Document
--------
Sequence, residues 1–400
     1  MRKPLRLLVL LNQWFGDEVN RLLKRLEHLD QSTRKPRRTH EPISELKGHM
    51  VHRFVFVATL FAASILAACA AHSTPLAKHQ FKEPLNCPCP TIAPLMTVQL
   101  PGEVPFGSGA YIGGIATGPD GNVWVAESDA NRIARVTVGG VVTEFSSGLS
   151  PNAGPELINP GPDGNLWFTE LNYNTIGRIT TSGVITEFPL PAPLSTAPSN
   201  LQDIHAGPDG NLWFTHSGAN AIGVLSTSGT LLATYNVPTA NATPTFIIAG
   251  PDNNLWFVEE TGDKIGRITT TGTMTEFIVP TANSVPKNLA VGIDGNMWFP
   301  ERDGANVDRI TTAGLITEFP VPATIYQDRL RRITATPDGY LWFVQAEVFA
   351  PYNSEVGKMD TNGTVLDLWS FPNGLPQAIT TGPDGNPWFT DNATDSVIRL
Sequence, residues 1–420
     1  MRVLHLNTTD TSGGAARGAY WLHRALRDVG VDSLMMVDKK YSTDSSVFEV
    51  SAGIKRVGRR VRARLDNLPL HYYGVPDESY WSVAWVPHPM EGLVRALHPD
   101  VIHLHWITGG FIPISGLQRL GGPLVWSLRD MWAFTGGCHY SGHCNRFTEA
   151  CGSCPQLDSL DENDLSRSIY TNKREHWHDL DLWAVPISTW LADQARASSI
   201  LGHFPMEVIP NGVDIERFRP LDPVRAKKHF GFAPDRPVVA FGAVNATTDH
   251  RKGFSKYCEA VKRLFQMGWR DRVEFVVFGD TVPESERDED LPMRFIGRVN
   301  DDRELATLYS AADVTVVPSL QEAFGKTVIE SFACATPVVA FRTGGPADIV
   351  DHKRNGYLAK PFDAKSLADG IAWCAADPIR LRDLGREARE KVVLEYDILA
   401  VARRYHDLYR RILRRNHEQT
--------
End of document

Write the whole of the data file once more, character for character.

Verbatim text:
Sequence, residues 1–400
     1  MRKPLRLLVL LNQWFGDEVN RLLKRLEHLD QSTRKPRRTH EPISELKGHM
    51  VHRFVFVATL FAASILAACA AHSTPLAKHQ FKEPLNCPCP TIAPLMTVQL
   101  PGEVPFGSGA YIGGIATGPD GNVWVAESDA NRIARVTVGG VVTEFSSGLS
   151  PNAGPELINP GPDGNLWFTE LNYNTIGRIT TSGVITEFPL PAPLSTAPSN
   201  LQDIHAGPDG NLWFTHSGAN AIGVLSTSGT LLATYNVPTA NATPTFIIAG
   251  PDNNLWFVEE TGDKIGRITT TGTMTEFIVP TANSVPKNLA VGIDGNMWFP
   301  ERDGANVDRI TTAGLITEFP VPATIYQDRL RRITATPDGY LWFVQAEVFA
   351  PYNSEVGKMD TNGTVLDLWS FPNGLPQAIT TGPDGNPWFT DNATDSVIRL
Sequence, residues 1–420
     1  MRVLHLNTTD TSGGAARGAY WLHRALRDVG VDSLMMVDKK YSTDSSVFEV
    51  SAGIKRVGRR VRARLDNLPL HYYGVPDESY WSVAWVPHPM EGLVRALHPD
   101  VIHLHWITGG FIPISGLQRL GGPLVWSLRD MWAFTGGCHY SGHCNRFTEA
   151  CGSCPQLDSL DENDLSRSIY TNKREHWHDL DLWAVPISTW LADQARASSI
   201  LGHFPMEVIP NGVDIERFRP LDPVRAKKHF GFAPDRPVVA FGAVNATTDH
   251  RKGFSKYCEA VKRLFQMGWR DRVEFVVFGD TVPESERDED LPMRFIGRVN
   301  DDRELATLYS AADVTVVPSL QEAFGKTVIE SFACATPVVA FRTGGPADIV
   351  DHKRNGYLAK PFDAKSLADG IAWCAADPIR LRDLGREARE KVVLEYDILA
   401  VARRYHDLYR RILRRNHEQT